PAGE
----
—We’ll go soon, he said. As soon as we can.


He drove her to a beauty shop one Thursday. Then he went to the farm store. He needed horse ivermectin and a new pair of work gloves. He bought some gloves and some muck boots for Ruth.

When he went back to the beauty shop, Ellis saw her but didn’t know her. She waited beside an Oldsmobile, and her hair, which was long once, didn’t come to her shoulders.

—Do you like it? she asked him.

—It’s different. That’s all.

—But you like it?

—I like it. I do.

They went to dinner together, and Ellis stared at her haircut. He stared at it later, in their living room. Ruth was on the loveseat. She had the lamp on beside her. She read a book’s final chapter. Ellis sat in his chair—did a crossword.

She placed her book on the end table. She put her hand in her hair, which she was still getting used to, and Ellis went to the loveseat. He sat by her side. He asked her:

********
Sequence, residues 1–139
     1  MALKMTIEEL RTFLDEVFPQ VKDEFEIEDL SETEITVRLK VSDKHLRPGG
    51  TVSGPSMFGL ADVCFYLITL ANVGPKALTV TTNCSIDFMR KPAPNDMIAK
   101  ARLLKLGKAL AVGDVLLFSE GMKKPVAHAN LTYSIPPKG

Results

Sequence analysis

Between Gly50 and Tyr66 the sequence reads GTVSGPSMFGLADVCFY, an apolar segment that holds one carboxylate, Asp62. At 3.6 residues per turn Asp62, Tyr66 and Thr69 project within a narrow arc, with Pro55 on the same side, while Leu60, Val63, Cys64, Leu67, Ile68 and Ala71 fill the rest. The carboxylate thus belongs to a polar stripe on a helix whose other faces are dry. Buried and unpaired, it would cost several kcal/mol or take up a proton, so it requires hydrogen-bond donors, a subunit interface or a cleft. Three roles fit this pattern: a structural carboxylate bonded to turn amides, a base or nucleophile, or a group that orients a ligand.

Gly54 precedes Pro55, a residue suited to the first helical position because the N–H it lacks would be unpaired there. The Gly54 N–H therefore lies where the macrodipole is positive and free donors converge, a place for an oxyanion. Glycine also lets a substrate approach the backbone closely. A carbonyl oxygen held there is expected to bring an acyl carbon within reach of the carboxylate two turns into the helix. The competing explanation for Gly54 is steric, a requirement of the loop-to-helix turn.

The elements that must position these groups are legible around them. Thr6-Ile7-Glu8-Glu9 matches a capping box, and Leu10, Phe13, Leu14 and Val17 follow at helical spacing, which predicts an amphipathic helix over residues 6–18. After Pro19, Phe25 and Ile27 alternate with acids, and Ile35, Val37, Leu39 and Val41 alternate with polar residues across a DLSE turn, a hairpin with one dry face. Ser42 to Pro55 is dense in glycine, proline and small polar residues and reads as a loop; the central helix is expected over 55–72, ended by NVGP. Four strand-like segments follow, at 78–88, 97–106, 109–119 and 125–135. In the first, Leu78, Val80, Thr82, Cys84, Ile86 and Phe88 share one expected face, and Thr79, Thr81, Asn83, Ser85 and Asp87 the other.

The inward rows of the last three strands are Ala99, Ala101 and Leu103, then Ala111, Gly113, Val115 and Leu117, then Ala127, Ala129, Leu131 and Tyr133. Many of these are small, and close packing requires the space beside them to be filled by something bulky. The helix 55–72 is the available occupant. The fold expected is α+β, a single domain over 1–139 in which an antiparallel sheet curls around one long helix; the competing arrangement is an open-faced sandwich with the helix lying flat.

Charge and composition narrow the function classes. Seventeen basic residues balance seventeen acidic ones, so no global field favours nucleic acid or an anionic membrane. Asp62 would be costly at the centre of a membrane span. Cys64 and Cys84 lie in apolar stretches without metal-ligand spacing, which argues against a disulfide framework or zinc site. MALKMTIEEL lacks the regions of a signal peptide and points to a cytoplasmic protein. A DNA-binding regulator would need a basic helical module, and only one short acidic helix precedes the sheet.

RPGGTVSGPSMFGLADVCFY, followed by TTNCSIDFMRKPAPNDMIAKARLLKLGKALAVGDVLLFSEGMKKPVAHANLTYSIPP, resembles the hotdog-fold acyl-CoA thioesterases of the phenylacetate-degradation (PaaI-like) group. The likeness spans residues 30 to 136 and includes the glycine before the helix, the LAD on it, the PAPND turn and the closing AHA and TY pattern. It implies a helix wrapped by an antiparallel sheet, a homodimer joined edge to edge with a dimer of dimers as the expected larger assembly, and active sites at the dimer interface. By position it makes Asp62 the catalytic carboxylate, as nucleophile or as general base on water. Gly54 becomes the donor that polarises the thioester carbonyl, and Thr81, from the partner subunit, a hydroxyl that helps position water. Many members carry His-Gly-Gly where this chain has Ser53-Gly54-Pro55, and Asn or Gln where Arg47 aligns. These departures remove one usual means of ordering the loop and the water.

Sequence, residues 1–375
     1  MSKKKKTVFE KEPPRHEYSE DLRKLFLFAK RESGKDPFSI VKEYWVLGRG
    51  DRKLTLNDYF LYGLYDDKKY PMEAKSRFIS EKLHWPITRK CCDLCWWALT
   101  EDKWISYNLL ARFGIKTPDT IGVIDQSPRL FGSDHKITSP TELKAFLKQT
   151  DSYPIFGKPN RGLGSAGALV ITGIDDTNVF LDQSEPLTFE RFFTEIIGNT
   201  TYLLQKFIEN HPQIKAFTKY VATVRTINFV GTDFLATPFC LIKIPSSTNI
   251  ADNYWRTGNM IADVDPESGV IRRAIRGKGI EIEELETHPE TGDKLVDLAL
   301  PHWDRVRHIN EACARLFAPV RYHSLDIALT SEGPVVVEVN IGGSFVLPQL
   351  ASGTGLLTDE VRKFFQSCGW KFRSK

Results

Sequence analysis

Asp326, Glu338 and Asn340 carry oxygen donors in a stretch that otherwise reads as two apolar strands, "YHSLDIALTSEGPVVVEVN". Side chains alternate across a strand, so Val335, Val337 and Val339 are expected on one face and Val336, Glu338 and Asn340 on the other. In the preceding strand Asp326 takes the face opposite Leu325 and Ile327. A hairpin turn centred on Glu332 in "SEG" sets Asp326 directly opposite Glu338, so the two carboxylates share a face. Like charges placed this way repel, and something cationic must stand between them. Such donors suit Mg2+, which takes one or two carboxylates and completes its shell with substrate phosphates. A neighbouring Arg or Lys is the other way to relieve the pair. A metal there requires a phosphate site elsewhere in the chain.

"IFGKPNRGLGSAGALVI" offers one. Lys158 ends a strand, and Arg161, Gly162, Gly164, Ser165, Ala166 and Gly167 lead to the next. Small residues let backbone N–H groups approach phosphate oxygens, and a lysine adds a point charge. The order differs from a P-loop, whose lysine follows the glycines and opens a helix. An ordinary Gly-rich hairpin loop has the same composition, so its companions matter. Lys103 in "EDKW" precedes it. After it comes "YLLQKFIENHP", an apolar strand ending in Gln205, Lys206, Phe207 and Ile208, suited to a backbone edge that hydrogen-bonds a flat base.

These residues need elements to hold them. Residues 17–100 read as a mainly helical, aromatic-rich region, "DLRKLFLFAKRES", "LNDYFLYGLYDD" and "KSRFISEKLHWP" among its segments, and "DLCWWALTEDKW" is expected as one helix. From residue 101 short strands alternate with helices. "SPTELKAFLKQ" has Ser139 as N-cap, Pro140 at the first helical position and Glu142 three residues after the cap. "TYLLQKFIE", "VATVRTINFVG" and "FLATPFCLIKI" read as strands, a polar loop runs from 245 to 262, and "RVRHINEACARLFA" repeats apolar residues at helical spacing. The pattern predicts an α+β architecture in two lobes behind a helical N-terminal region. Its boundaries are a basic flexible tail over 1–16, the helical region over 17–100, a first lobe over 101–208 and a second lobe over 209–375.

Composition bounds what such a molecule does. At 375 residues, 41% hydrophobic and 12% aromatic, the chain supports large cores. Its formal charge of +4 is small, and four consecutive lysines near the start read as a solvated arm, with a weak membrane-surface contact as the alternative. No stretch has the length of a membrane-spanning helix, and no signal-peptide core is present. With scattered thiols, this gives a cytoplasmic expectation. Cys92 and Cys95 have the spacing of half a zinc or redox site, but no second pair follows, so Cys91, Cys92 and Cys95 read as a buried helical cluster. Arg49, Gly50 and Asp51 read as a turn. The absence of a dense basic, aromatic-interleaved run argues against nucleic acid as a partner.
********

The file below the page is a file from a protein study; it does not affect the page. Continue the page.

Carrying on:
—What was it like growing up?
They spoke of chores and her scar. They spoke of church and the Tetons. Some of the things they’d said before, but others they hadn’t. And when the clock struck eleven and she covered a yawn:

—Can you say something? Ellis asked. Please?

She spoke in clean, careful Schwyzer, the words articulated as though the crisp, precise syllables would let him know what she said.

The next morning, he went to the barn and then back again. Ruth was asleep, so Ellis changed—went to Becky’s. It had rained a week earlier, and Hamrick, who farmed near a river, lost an acre to flooding. They talked of field tile—the cost of it. How the tile was installed.